Understanding the underlying cause behind your incontinence can often lead to a complete cure or a substantial reduction of symptoms. Although many older people see that it is an inevitable part of the ageing process and that it cannot be prevented, that is far from the truth- It is estimated that 80% of urinary incontinence can be eliminated or improved.
- There are a number of conditions that can cause or be connected with incontinence. These include Urinary tract infections (UTI), Prostate problems, IBS and Constipation. Medication may be able to alleviate the impact in many of these instances.
- Incontinence is very common amongst those with certain chronic conditions such as Multiple Sclerosis, Parkinson’s, Alzheimer’s and other neurodegenerative diseases. However, the cause may be unrelated, and you should get the advice of your doctor as to what the particular cause of your continence problems (or those of your loved one) may be.
- In some cases, incontinence may be an unwanted side effect of medication that you may be taking for another condition. Talk to your GP or pharmacist about this.
- Incontinence is also very common amongst people nearing the end of their life. See our article ‘Supporting someone at the end of their life’.
Incontinence is the involuntary (not on purpose) leakage of urine or faeces, or both (known as ‘double incontinence’). Urinary incontinence is a very common problem and it is thought that more than 50 million people in the developed world may be affected by it.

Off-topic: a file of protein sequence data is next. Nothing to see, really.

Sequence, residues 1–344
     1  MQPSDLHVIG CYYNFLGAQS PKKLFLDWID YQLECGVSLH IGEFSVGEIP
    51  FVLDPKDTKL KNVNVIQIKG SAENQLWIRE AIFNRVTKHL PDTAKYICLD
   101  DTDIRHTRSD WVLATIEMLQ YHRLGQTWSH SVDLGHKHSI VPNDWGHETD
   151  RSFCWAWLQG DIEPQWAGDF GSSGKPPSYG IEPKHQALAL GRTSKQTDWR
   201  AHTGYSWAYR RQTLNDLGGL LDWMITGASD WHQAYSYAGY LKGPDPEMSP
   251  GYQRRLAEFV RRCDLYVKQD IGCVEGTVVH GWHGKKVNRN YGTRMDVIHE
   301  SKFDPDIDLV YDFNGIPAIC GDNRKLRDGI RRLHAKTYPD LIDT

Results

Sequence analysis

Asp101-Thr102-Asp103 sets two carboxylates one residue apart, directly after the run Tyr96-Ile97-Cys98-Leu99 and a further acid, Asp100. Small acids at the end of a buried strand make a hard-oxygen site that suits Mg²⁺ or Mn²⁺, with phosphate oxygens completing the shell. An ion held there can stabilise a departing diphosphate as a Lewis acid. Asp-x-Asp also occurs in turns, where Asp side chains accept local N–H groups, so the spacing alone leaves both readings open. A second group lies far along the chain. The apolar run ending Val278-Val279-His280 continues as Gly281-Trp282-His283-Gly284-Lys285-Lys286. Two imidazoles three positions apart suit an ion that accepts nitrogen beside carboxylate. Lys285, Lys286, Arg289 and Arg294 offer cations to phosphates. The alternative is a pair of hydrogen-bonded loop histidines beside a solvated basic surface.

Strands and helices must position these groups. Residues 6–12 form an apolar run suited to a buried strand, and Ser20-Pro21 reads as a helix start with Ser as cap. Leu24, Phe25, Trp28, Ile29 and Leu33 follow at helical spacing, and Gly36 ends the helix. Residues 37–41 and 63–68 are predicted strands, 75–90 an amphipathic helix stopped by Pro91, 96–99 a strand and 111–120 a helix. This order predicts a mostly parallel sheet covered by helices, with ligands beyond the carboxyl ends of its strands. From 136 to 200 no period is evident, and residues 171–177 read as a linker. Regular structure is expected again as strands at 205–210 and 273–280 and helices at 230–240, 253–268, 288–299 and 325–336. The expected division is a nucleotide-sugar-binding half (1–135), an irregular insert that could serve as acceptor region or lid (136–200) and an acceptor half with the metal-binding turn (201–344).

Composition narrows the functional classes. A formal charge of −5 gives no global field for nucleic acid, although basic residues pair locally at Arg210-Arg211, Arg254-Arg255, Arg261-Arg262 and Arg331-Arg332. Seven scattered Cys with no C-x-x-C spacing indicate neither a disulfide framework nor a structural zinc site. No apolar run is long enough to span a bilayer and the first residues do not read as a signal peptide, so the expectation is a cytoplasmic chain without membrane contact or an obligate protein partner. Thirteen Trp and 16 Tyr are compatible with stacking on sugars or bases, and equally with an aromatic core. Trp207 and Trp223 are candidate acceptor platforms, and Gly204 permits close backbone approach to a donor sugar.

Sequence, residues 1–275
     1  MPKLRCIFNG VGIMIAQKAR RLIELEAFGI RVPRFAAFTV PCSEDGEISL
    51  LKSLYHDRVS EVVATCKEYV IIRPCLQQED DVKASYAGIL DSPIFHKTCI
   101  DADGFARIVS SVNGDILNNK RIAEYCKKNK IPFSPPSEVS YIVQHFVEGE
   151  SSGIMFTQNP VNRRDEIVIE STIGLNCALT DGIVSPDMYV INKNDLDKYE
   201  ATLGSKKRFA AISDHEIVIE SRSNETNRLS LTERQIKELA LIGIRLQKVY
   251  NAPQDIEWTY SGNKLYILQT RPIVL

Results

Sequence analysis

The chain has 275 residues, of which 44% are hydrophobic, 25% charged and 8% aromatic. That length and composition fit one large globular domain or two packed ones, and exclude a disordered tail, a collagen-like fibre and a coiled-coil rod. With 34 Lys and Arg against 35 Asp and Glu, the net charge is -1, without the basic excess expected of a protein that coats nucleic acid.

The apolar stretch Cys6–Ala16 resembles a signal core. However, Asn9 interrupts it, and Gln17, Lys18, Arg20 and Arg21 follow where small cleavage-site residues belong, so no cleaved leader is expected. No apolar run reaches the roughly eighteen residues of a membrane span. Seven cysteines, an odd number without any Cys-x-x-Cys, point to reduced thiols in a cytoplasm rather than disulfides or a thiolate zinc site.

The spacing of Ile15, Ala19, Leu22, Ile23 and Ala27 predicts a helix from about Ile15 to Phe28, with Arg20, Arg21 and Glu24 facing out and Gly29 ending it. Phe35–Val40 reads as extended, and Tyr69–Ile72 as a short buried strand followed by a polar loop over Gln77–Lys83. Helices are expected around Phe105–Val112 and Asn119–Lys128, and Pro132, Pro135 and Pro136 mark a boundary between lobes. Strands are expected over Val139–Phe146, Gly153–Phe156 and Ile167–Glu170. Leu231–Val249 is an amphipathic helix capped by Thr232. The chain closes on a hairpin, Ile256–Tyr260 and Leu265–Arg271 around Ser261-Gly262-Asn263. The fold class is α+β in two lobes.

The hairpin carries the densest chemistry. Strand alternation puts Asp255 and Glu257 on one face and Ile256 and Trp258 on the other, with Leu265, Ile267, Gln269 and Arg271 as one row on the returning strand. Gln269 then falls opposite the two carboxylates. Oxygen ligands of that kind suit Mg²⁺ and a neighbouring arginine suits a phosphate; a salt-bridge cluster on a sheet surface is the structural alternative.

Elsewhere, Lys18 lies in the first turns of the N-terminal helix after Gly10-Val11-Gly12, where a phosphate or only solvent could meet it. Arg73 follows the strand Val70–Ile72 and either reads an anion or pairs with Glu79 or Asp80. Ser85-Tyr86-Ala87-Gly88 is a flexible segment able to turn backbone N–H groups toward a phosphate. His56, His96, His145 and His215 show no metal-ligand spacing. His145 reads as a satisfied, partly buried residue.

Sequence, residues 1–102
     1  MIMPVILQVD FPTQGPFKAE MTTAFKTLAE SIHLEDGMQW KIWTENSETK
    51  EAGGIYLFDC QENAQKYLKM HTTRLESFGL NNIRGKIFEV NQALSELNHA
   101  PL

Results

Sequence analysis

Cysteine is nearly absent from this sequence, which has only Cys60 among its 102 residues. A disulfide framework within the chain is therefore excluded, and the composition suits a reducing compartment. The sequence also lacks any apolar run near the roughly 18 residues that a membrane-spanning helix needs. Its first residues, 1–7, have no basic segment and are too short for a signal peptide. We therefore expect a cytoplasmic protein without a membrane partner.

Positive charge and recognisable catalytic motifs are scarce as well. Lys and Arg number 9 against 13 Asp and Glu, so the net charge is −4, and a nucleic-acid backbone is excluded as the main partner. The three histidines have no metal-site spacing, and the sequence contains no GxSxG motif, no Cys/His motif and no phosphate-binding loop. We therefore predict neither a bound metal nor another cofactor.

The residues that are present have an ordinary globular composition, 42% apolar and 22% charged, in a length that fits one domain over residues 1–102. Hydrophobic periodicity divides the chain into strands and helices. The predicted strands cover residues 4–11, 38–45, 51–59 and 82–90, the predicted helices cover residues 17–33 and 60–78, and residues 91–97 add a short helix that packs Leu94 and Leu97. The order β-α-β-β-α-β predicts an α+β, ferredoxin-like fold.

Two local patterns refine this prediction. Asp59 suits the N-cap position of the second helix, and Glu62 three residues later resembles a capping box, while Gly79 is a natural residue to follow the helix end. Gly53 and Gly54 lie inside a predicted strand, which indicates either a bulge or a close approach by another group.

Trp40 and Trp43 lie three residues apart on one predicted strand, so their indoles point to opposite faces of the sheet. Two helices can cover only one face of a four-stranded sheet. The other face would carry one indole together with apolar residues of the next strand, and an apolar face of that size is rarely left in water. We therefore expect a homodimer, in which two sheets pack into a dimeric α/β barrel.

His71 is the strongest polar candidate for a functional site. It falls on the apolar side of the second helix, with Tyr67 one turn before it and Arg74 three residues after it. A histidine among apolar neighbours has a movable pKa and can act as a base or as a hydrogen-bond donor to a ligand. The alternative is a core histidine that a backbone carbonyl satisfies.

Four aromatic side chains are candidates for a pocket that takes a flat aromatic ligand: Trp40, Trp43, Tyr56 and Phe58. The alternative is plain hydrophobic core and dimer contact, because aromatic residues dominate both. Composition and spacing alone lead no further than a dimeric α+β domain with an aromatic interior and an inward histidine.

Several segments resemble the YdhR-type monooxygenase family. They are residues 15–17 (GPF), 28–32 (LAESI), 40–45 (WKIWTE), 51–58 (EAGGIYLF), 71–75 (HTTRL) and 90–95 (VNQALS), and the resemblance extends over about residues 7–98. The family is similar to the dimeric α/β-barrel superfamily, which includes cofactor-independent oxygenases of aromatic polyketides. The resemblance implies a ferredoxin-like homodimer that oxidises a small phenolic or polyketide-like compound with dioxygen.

There are several types of urinary incontinence, including:
- stress incontinence – when urine leaks out at times when your bladder is under pressure; for example, when you cough or laugh
- urge incontinence – when urine leaks as you feel a sudden, intense urge to pass urine, or soon afterwards
- overflow incontinence (chronic urinary retention) – when you’re unable to fully empty your bladder, which causes frequent leaking
- total incontinence – when your bladder can’t store any urine at all, which causes you to pass urine constantly or have frequent leaking
Faecal or Bowel incontinence may range from passing a small amount of faeces when breaking wind, to having no bowel control at all. Bowel incontinence is less common than urinary incontinence. It affects men and women about equally and it is estimated that 10% of older people have a problem with it at some stage
The best advice is to see your GP if you have any type of incontinence. It is a really common problem and you shouldn’t feel embarrassed talking to them about your symptoms and, if required, letting them carry out an examination. This can be the first step towards finding a way to effectively manage the problem. Their advice will always be valuable.
If this assessment by the doctor is unable to resolve the problem, you may be referred to a Continence Adviser. A Continence Nurse Specialist is an experienced nurse with additional specialist training in the assessment and management of bladder and bowel problems. Continence Nurse Specialists work within best practice guidance issued by the National Institute for Health and Clinical Excellence (NICE) for the assessment and management of incontinence. NICE recommends initially treating incontinence with a programme of conservative measures and lifestyle changes. These can be really effective for most types of incontinence: